Dracula – by Bram Stoker

Posted by Lawrence:

I am not sure that Bram Stoker would be mightily impressed with the modern incarnations of his hellish monster. The vampires today seem to devote much more of their time to pouting and preening than sating their unquenchable thirst for blood and murder. Though Stoker cannot be credited with the creation of the vampire myth (stories of blood-sucking demons had been around for thousands of years), his influence on the genre was monumental. The eponymous fiend in his novel ‘Dracula’ is the basis for most of the Vampire stereotypes that we have today.

The novel opens with a young and naïve lawyer called Jonathan Harker travelling deep into the Transylvanian countryside. He has been sent to provide legal support to the reclusive Count Dracula for his purchase of a house in England. After staying in Dracula’s castle a few nights he soon begins to suspect that something is slightly amiss with his creepy host. ‘Slightly amiss’ turns out to be a rather a large understatement when he discovers that Dracula is in fact an ancient blood sucking demon. Dracula then incarcerates Jonathan in his castle and sets sail for his new English abode. The rest of the novel focuses on his time in England, where he terrorises the uptight residents of a small English town.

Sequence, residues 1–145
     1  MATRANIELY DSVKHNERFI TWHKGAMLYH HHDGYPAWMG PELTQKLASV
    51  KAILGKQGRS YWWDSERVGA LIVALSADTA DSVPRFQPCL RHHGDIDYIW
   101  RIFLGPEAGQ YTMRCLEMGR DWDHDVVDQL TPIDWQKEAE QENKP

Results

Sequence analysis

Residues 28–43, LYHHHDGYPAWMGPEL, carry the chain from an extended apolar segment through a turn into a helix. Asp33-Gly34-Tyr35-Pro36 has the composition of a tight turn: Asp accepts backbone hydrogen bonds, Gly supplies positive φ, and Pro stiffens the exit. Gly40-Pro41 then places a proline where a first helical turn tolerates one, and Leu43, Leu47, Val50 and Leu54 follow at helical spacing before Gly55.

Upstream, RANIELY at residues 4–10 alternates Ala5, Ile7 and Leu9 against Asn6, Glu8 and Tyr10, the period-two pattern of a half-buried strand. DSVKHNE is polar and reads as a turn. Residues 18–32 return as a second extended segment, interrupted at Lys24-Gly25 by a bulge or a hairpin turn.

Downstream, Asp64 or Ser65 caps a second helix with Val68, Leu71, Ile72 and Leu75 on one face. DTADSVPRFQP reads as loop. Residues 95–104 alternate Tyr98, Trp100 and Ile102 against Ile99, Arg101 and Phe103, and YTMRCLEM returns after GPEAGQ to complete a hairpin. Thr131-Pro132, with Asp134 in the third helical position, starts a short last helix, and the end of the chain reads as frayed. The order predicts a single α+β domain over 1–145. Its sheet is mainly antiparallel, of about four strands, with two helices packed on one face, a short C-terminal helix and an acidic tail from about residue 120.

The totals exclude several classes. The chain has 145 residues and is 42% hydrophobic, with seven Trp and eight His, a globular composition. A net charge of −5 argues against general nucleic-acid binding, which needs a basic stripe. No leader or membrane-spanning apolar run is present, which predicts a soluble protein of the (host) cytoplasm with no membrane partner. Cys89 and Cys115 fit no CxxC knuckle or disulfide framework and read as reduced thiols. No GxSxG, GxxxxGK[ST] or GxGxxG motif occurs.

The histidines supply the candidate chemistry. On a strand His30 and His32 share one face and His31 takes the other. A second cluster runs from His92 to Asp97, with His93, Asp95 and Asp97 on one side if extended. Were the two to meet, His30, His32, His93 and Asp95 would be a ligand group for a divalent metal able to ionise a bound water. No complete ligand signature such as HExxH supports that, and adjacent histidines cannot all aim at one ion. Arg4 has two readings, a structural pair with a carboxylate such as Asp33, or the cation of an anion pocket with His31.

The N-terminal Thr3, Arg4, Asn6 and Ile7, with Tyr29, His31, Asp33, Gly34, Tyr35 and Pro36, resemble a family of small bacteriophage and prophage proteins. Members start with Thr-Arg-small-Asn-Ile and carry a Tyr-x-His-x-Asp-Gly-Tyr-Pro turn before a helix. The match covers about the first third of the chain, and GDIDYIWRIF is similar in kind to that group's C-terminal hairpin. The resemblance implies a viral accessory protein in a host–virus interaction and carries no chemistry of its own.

The story is told entirely in letter format, a popular literary trope at the time (think Wuthering Heights, with a lot less Yorkshire and a few more vampires). I assume that vampires must have a lack of willing correspondents or an indifference to letter writing because the story is never told from Dracula’s perspective. This heightens the mystery and fear that surrounds the character. Stoker’s dislike of unrestrained sexuality, especially among women, also plays a major role in the novel. The vampire, a figure of pure carnal lust, embodies the danger Stoker associated with giving in to ones base sexual nature. When a woman is transformed into a vampire in the novel, the only cure is for her husband to repeatedly ‘stake’ her back to a submissive form. Stoker wasn’t exactly the most progressive figure when it came to women’s rights.

Misogyny aside, this really is a great novel. If you are a fan of horror in any form then you need to read this book; and not simply because of its classic status in the genre, but because it is terrifying and brilliant in equal measure.


Read this Book …
With a large amount of garlic, holy water and crosses within reach.


This book is a … Grizzly Read / Retro Read


Genre: Horror
Paperback ISBN: 9780007480418
ebook ISBN: 9780007420087


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If you liked this, then you’ll love …
Dracula: The Undead by Dacre Stoker, The Strain by Guillermo del Torro, and The Accursed by Joyce Carol Oates